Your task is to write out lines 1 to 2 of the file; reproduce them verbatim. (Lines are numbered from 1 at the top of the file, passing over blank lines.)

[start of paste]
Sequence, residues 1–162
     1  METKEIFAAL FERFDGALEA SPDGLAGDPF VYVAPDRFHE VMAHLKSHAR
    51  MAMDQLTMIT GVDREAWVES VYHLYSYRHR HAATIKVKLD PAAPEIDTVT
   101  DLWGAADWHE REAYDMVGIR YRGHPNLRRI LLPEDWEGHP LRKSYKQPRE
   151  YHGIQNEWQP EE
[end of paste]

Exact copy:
Sequence, residues 1–162
     1  METKEIFAAL FERFDGALEA SPDGLAGDPF VYVAPDRFHE VMAHLKSHAR